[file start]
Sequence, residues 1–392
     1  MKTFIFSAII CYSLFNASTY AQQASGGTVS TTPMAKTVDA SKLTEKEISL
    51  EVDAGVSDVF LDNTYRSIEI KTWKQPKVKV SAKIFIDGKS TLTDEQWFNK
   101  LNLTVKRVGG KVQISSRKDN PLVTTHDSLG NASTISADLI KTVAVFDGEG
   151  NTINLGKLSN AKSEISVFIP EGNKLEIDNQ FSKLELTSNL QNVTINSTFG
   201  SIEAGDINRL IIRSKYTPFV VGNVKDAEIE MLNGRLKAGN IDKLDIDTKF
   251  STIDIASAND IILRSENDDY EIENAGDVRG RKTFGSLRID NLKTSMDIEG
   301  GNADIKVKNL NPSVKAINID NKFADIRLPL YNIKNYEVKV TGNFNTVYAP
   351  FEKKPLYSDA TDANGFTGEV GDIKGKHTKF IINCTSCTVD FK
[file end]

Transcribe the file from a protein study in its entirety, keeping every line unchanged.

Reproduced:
Sequence, residues 1–392
     1  MKTFIFSAII CYSLFNASTY AQQASGGTVS TTPMAKTVDA SKLTEKEISL
    51  EVDAGVSDVF LDNTYRSIEI KTWKQPKVKV SAKIFIDGKS TLTDEQWFNK
   101  LNLTVKRVGG KVQISSRKDN PLVTTHDSLG NASTISADLI KTVAVFDGEG
   151  NTINLGKLSN AKSEISVFIP EGNKLEIDNQ FSKLELTSNL QNVTINSTFG
   201  SIEAGDINRL IIRSKYTPFV VGNVKDAEIE MLNGRLKAGN IDKLDIDTKF
   251  STIDIASAND IILRSENDDY EIENAGDVRG RKTFGSLRID NLKTSMDIEG
   301  GNADIKVKNL NPSVKAINID NKFADIRLPL YNIKNYEVKV TGNFNTVYAP
   351  FEKKPLYSDA TDANGFTGEV GDIKGKHTKF IINCTSCTVD FK